level in Berlin. Cooper, who majored in German literature, also plans
to investigate the relationships that exist between people from both
sides of the formerly divided nation. "I want to find out if
Germans still have preconceived notions of 'other' Germans,"
says Cooper. "It will be interesting to see what, if any, attitudes
still exist this many years after the Berlin Wall coming down."
Jonathan Walton '04, winner of a 2004 Fulbright Grant, will
spend the coming year at Nanjing University in China, studying the
literature of the Taiping Rebellion era (1851-1864). Walton, who majored
in East Asian studies, plans to compare Taiping literature to the
writings of similar syncretic belief systems. He also plans to use
his time in China to explore Oberlin's missionary past, as well as
its strong connection to China.
German literature major Robin Ellis '04, also a recipient
of a 2004 Fulbright Grant, will spend the coming year studying Germanic languages and literature at the Technische Universität Berlin.
COMPTON MENTOR FELLOWSHIPpromotes
the creativity and commitment of graduating seniors to environmental
and social issues, while providing guidance from a mentor within a
Eden Trenor '04 is returning to her hometown of Mukilteo, Washington,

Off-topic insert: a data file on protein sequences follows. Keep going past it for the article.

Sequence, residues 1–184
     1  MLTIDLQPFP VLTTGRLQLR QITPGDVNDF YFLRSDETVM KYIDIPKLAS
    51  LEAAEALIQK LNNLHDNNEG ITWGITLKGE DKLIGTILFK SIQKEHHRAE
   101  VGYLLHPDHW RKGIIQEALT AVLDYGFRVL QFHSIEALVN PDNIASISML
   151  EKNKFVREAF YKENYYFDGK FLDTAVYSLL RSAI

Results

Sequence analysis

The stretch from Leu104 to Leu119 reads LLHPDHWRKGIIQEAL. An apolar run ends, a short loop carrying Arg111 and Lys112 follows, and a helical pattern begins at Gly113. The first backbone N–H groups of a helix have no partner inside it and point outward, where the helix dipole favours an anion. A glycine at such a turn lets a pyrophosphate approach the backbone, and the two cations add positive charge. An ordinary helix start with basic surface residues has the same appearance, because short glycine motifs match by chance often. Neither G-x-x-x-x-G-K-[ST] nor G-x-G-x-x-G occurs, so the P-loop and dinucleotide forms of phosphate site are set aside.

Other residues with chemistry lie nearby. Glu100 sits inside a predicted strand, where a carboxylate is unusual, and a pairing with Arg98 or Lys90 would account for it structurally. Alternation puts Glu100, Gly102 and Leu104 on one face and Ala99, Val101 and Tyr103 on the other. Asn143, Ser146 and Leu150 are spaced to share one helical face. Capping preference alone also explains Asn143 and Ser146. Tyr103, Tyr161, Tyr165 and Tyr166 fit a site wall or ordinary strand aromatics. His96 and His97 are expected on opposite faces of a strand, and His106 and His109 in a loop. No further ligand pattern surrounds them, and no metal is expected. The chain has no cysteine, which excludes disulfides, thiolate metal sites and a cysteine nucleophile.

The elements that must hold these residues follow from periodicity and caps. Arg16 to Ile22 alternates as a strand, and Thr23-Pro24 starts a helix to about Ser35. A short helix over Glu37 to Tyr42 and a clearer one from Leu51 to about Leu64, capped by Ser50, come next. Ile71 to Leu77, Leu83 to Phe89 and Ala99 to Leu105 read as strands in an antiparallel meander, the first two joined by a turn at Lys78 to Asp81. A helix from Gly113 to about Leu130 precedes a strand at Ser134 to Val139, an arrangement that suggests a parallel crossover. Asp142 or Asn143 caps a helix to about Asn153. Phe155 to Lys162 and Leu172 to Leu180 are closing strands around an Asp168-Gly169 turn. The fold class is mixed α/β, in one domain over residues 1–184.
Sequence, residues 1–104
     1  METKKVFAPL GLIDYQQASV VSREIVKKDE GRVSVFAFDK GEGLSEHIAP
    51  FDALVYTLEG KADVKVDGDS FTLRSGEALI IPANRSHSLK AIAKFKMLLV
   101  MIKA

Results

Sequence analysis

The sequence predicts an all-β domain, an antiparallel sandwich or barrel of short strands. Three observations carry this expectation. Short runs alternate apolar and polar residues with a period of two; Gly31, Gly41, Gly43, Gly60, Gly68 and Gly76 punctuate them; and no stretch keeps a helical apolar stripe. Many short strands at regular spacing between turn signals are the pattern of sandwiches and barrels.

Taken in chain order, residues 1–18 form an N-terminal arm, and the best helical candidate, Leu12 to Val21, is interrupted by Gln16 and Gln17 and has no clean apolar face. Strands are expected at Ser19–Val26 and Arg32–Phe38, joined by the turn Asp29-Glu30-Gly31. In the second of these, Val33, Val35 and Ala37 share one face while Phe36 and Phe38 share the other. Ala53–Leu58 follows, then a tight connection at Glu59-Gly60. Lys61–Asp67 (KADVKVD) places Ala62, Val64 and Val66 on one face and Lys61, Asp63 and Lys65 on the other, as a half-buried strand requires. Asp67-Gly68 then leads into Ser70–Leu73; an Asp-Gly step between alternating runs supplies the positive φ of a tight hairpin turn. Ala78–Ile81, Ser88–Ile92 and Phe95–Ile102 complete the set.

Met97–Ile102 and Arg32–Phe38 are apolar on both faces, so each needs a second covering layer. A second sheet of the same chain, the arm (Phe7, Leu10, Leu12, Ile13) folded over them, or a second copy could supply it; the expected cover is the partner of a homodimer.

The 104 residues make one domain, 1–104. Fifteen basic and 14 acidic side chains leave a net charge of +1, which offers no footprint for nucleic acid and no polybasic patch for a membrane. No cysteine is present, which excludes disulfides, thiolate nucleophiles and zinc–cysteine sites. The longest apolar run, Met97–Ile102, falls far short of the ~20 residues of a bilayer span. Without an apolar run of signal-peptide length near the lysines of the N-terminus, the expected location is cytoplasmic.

to start a local farmers market. The graduating senior recently received
a $40,000 Compton Mentor Fellowship to fund the project, which she
hopes will attract residents to Mukilteo's under-used downtown areas.
"Mukilteo has changed for the worse in the past 22 years,"
Trenor says. "It's a bedroom community, with very little activity
downtown. I hope that by creating a place to gather, we can generate
a sense of community and build bridges between people." Trenor
plans to remain in Mukilteo for the next three years to manage the
ANDREW W. MELLON FELLOWSHIP IN HUMANISTIC
STUDIESsupports exceptionally promising students
as they pursue advanced study in the disciplines of the humanities.
The fellowship covers full graduate tuition and all required fees
for the first year of graduate study, as well as a one-year stipend
Michael Gallope '04, a double-degree student who majored in
piano performance and the visual arts, has been awarded an Andrew
W. Mellon Fellowship in Humanistic Studies. Gallope will enroll at
New York University in the fall and begin working toward a PhD in
musicology and ethnomusicology. "I'm thrilled to receive the
Mellon," he says. "I want to write criticism that incorporates
experimental music, complex music, and pop music in context with one
other. This award will give me the extra year I need to focus on this
type of writing."
Julia Irwin '04, who studied the history and philosophy of
science, received an Andrew W. Mellon Fellowship in Humanistic Studies.
Irwin plans to pursue a PhD in the history of medicine and science
at Yale University. "My education at Oberlin has been fabulous.
Receiving the Mellon is a nice testament to what Oberlin has done
for me in my four years here," Irwin says.
Lydia Barnett '03, who majored in history, was also awarded
an Andrew W. Mellon Fellowship in Humanistic Studies.